An acquisition like Ampad, a company that has an established range of products in a well-defined and familiar market with some potential for growth, represents a better prospect than a rapidly growing start-up or diversification into unknown territory in 2010.
Making a difference
Talk to representatives of the manufacturers and they’ll tell you that they believe in innovation.
Unfortunately, product development has been curtailed in the past two years with 2009 being a particularly barren year for new designs. However, there are signs that this could be changing.
Private label products may be the number one threat to brand manufacturers, but the filing and desktop accessories sector has a raft of companies that are arriving on the scene, ambitious and fighting hard for market share. They may swim lower down the food chain but they are by no means bottom feeders.
Prior to Idealplast’s takeover by Durable, Michael Mattson served as its Business Manager. The Swede has subsequently resurfaced at Swedish newcomer OnSide-Sweden as International Sales Manager.
Compared to the giants in the sector, the company is a relatively small player. Owned by furniture manufacturer Plastunion, Matsson says the company is looking to introduce products with an "edge".
Explaining the company’s range, he says it offers 17 SKUs including letter trays, magazine file boxes, pen trays, inserts, brochure holders, etc. Its ambitions are modest. Its target customers are medium-sized wholesalers that it will deliver to directly within a 1,500 km range. "We offer flexible production facilities, direct distribution and small administrative costs," says Matsson.
The company has set its vision for 2012 as becoming recognised as one of the top five brands in desktop products for the Nordic region. In a crowded market, the manufacturer is focusing on eco-friendly and ergonomically-designed products. It’s something many of its competitors are also promising to deliver, but Matsson is sure that using its Swedish heritage properly – think Ikea – it can bring innovation to the market.
"We offer complete concepts for the mid-price range, supported by logistics and marketing," he emphasises.
"We’re offering new thinking to the consumer. Personal products with an edge and green thinking that combine Swedish design and local manufacturing."
You don’t have to be Thomas W Holley to understand that innovation can give you an edge in the marketplace. Those who bemoan the stagnant designs available in private label lines, should be heartened at the plethora of original, non-patent infringing products looking to be picked up by distributors at trade shows.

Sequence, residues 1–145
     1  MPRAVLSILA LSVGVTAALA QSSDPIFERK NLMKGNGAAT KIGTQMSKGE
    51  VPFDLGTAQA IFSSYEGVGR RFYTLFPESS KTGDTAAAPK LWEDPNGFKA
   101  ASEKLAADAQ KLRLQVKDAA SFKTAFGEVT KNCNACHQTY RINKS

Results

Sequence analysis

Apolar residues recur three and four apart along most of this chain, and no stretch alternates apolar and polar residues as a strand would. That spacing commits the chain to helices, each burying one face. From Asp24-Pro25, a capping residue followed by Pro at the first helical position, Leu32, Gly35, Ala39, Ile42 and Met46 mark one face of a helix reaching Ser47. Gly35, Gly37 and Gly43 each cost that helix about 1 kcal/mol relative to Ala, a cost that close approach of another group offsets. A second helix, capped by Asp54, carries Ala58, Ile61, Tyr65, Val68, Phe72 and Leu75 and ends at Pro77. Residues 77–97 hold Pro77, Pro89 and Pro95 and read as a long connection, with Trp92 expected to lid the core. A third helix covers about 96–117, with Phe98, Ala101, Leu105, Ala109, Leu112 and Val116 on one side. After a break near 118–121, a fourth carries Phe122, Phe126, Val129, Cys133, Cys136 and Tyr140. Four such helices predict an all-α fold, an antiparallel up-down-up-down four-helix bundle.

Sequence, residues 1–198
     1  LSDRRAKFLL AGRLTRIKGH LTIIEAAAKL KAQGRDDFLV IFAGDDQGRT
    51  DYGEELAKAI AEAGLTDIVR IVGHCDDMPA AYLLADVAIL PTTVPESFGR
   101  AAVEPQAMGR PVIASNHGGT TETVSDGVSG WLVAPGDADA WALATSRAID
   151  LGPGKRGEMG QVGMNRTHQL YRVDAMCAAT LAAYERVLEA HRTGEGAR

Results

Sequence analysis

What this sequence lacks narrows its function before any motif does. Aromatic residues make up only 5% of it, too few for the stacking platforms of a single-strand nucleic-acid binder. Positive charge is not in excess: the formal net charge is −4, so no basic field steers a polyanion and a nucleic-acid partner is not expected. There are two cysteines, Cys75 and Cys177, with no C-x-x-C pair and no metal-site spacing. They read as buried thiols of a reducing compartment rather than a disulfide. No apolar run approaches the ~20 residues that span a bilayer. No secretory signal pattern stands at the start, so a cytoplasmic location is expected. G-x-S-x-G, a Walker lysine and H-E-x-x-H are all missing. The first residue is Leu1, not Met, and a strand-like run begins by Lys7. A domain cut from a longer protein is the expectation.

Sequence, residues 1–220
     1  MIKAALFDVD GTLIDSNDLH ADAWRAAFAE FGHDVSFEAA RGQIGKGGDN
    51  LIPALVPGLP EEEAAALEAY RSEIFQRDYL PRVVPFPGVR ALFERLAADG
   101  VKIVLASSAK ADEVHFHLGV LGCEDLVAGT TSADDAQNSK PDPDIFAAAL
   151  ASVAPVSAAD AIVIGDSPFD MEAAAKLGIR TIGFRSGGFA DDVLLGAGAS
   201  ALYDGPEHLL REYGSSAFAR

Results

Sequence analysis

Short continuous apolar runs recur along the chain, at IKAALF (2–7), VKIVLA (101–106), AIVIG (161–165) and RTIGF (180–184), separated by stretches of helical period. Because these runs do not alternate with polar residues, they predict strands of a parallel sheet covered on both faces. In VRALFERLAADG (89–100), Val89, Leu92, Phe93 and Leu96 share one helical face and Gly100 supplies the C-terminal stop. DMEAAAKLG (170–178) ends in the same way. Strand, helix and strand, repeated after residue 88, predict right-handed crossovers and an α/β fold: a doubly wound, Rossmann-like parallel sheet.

Furthermore, the inaugural North American Office Products Awards attracted a healthy 250+ nominations (see NAOPA 2010 Review on page 40), showing that innovation is alive and kicking. That may not seem a lot against a catalogue with 20,000 SKUs, but it is indication that under the tip of the iceberg there are interesting and edge-giving products out there if you look hard enough.
Or as an inventor told OPI recently, it can find you. She has invented filing products that combine a ring binder and an art folder. A product that has plenty of potential to be picked up but, as she says, "we think we have a great product but the frustration is trying to get noticed sometimes".
Moira Gleason, of stapler manufacturer Accentra and maker of the vaunted PaperPro stapler, explains that innovative design remains one of the best ways to expand market share. However, it is the opportunity that shapes the technology, not the other way around.
"Our development process is very unique. We identify gaps in the market and develop new mechanisms that deliver the easiest to use stapling tools on the market," she says. "Once a gap and product is identified, we work with our inventors, product designers, engineers and production facilities to develop the product quickly and efficiently. By including all the stakeholders in the development process, we ensure that we have a design that can be made to meet our unique specifications and cost requirements."